Leerink Swann Research analyst Joseph Schwartz wrote during the first week of January that “RDEA594 is the front-runner in the race to becoming the next new oral gout drug.”

Jonathan Aschoff, an analyst for Brean Murray, estimated “the U.S. market for RDEA594, which only includes the 60 percent of allopurinol patients that do not adequately respond to allopurinol, as about a $3 billion opportunity.”

Last week Piper Jaffray & Co. analyst M. Ian Somaiya said in a company note that after meeting with Ardea management, “we believe that Ardea will conduct two Phase IIIs to ensure sufficient data, namely safety, for approval. Furthermore, we expect key efficacy endpoints, beyond sUA reductions, to include benefit in flare rate, thus allowing a broader label and potentially encompassing all gout patients.”

Nine months ago Ardea netted proceeds of about $77.1 million in a public offering of about 4 million shares. (See BioWorld Today, April 7, 2010.)

There are limited treatment options currently on the shelves for gout. Allopurinol has been the standard of care with Osaka, Japan-based Takeda Pharmaceutical Co. Ltd.’s xanthine oxidase inhibitor Uloric (febuxostat) gaining approval early in 2009. Savient Pharmaceuticals Inc., of East Brunswick, N.J., gained FDA approval in September 2010 for Krystexxa (pegloticase), a pegylated uric acid-specific enzyme for chronic refractory gout. (See BioWorld Today, Sept. 16, 2010.)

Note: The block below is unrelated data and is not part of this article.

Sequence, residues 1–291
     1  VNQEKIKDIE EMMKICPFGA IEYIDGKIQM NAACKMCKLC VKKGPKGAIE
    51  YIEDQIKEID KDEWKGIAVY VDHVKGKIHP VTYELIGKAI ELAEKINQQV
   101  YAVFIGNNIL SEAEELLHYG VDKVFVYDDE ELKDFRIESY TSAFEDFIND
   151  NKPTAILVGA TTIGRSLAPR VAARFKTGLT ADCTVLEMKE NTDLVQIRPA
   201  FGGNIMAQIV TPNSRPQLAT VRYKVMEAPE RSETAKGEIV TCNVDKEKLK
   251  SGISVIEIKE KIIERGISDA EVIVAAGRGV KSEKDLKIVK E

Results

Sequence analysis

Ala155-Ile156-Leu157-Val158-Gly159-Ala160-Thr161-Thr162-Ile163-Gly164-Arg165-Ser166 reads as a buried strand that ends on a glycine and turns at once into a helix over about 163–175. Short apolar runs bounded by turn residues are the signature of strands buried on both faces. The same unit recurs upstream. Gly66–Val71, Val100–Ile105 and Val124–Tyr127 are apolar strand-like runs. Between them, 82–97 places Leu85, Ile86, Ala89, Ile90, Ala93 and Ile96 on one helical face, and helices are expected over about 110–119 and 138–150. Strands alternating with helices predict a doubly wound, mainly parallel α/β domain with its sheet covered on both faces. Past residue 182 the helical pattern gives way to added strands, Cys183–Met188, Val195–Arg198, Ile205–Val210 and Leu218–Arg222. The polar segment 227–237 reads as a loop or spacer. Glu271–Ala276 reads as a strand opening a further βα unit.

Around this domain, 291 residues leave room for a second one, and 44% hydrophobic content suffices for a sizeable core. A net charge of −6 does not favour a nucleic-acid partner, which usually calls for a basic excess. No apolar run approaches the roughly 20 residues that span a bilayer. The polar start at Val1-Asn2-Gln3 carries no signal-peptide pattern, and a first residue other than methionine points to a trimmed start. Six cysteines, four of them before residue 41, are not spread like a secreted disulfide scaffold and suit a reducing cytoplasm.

Beyond its gout program and MEK inhibitor partnership with Bayer, Ardea also has a Phase II-stage HIV program testing RDEA806, a non-nucleoside reverse transcriptase inhibitor.

Read More

Cancer Treatment News

2011-01-25 / Cancer News / 0 Comments

Anti-Estrogen Drugs May Be Effective Lung Cancer Treatment

New research has found that a long-known drug to help treat breast cancer may also be used to reduce death risks from lung cancer as well. The drug is an anti-estrogen and has been known for nearly 30 years.

The study can be found in Cancer, a journal published online.

The drug, called tamoxifen, was shown to decrease lung cancer death risks in women with breast cancer. Researchers claim the results may be premature to use this drug as a treatment option for lung cancer patients, however.

Researchers believe this drug may be instrumental for lung cancer patients as lung cancer is believed to be caused at least somewhat by estrogen.

Another finding experts have explained is that in previous studies, lung cancer risks were shown to increase during menopause as women underwent hormone replacement therapy. Based on that, researchers believed the use of an anti-estrogen might be an effective treatment option for lung cancer as well.

For this study, researchers examined health records of 6,655 women. Each woman had a breast cancer diagnosis, and nearly half of the women were treated with an anti-estrogen drug, primarly tamoxifen.

For women receiving anti-estrogen treatment, lung cancer death risks were nearly 90 percent lower than in women who did not receive treatment.

Limitations on this study could have been the sample size, as only 40 women developed lung cancer.

Additionally, some studies involving mice have explained that tamoxifen may increase lung cancer risks.